That same year, Ricketts, his father and his siblings all acquired the Chicago Cubs baseball team. Soon after, Todd and his three siblings, Tom, Laura and Pete, all joined the board of trustees, comprised today of the four Ricketts siblings and one representative of the Chicago Tribune company.
In addition to the Cubs board, Todd Ricketts sits on the corporate board of TD Ameritrade, the company his father started. These board positions constitute a major part of Todd’s resume.
Boards like these tend to meet only four times a year, however, although trustees can be given responsibilities to manage between meetings. The same goes for the two nonprofit boards that Ricketts serves on, the National World War II Museum and Opportunity Education. Ricketts also has a weekly conference call with his siblings about the Cubs, he said in 2010.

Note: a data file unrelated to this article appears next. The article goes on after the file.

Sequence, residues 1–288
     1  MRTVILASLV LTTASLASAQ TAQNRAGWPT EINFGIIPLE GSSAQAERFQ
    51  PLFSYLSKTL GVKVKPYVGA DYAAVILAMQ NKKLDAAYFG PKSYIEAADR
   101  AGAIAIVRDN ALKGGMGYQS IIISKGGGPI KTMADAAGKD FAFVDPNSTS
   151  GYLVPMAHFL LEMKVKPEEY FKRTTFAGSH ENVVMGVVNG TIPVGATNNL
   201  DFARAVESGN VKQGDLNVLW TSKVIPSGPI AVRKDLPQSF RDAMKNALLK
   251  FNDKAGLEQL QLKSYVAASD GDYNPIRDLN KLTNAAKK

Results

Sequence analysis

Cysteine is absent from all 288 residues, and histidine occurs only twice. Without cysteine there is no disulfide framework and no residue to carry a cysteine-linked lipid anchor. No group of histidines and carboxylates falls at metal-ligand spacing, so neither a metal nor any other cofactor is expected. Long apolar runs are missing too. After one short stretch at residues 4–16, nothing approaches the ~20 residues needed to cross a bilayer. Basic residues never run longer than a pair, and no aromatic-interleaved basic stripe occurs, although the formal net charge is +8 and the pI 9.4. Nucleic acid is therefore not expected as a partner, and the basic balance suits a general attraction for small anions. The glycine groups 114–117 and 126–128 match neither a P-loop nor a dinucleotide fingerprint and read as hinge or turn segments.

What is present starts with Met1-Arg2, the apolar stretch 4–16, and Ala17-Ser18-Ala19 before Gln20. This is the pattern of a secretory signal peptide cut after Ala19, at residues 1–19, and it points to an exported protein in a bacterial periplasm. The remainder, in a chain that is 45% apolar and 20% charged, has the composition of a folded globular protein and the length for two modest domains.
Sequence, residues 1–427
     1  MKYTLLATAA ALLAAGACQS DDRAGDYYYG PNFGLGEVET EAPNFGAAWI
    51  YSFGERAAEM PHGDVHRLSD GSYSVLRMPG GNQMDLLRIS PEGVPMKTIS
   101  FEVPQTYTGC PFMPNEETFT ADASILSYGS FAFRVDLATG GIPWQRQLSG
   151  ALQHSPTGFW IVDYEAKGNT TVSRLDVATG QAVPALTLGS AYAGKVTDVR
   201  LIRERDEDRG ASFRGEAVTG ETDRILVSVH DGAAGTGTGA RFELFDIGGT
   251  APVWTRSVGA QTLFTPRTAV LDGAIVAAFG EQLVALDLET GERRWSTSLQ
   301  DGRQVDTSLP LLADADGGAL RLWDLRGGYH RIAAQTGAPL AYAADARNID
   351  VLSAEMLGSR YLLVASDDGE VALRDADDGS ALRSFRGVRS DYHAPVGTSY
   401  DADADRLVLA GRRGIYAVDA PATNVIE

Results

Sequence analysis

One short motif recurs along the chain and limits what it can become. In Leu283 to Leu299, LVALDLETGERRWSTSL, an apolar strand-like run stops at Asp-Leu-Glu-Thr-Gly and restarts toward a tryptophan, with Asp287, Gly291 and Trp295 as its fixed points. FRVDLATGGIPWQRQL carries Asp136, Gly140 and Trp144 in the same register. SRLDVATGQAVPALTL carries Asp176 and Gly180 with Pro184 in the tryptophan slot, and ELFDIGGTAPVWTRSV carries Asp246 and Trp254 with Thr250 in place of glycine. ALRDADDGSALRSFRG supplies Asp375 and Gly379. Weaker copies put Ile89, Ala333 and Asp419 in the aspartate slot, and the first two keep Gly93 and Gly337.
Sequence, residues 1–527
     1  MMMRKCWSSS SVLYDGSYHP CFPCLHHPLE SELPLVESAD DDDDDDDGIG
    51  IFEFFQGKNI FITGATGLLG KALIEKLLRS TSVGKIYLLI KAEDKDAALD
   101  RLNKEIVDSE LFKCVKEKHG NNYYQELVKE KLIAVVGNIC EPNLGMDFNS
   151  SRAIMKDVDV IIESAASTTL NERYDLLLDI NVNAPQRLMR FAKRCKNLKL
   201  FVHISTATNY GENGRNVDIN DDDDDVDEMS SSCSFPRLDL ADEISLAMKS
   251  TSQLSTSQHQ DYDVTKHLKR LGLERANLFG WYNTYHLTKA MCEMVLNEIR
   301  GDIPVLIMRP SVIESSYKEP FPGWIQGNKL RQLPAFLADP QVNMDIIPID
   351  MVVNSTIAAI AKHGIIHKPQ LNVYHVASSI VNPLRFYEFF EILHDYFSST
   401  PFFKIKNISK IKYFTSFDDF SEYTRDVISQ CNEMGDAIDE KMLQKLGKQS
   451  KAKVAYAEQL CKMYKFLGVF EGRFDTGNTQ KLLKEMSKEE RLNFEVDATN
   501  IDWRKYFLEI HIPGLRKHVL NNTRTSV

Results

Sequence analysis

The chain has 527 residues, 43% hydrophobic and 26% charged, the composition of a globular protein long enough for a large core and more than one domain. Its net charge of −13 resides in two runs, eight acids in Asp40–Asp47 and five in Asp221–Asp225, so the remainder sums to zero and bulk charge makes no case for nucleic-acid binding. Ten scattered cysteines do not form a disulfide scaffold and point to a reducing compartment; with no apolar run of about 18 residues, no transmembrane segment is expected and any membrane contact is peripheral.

An Uncertain Agency
Politically speaking, it’s unclear exactly where Ricketts fits into the Trump administration. Trump’s populist rhetoric and protectionist trade policies are at odds with some of the most important work done by the Department of Commerce: helping big American companies do business overseas. And some of Trump’s top advisors have called for the wholesale elimination of Commerce, calling it “the department of corporate welfare.”
Still, Ricketts sounds excited about his new job. “Advancing practical policies that promote economic opportunity is critical to making America great again,” he said in the transition statement Wednesday. “I’m eager to begin this important work ... which will improve the lives of all Americans.”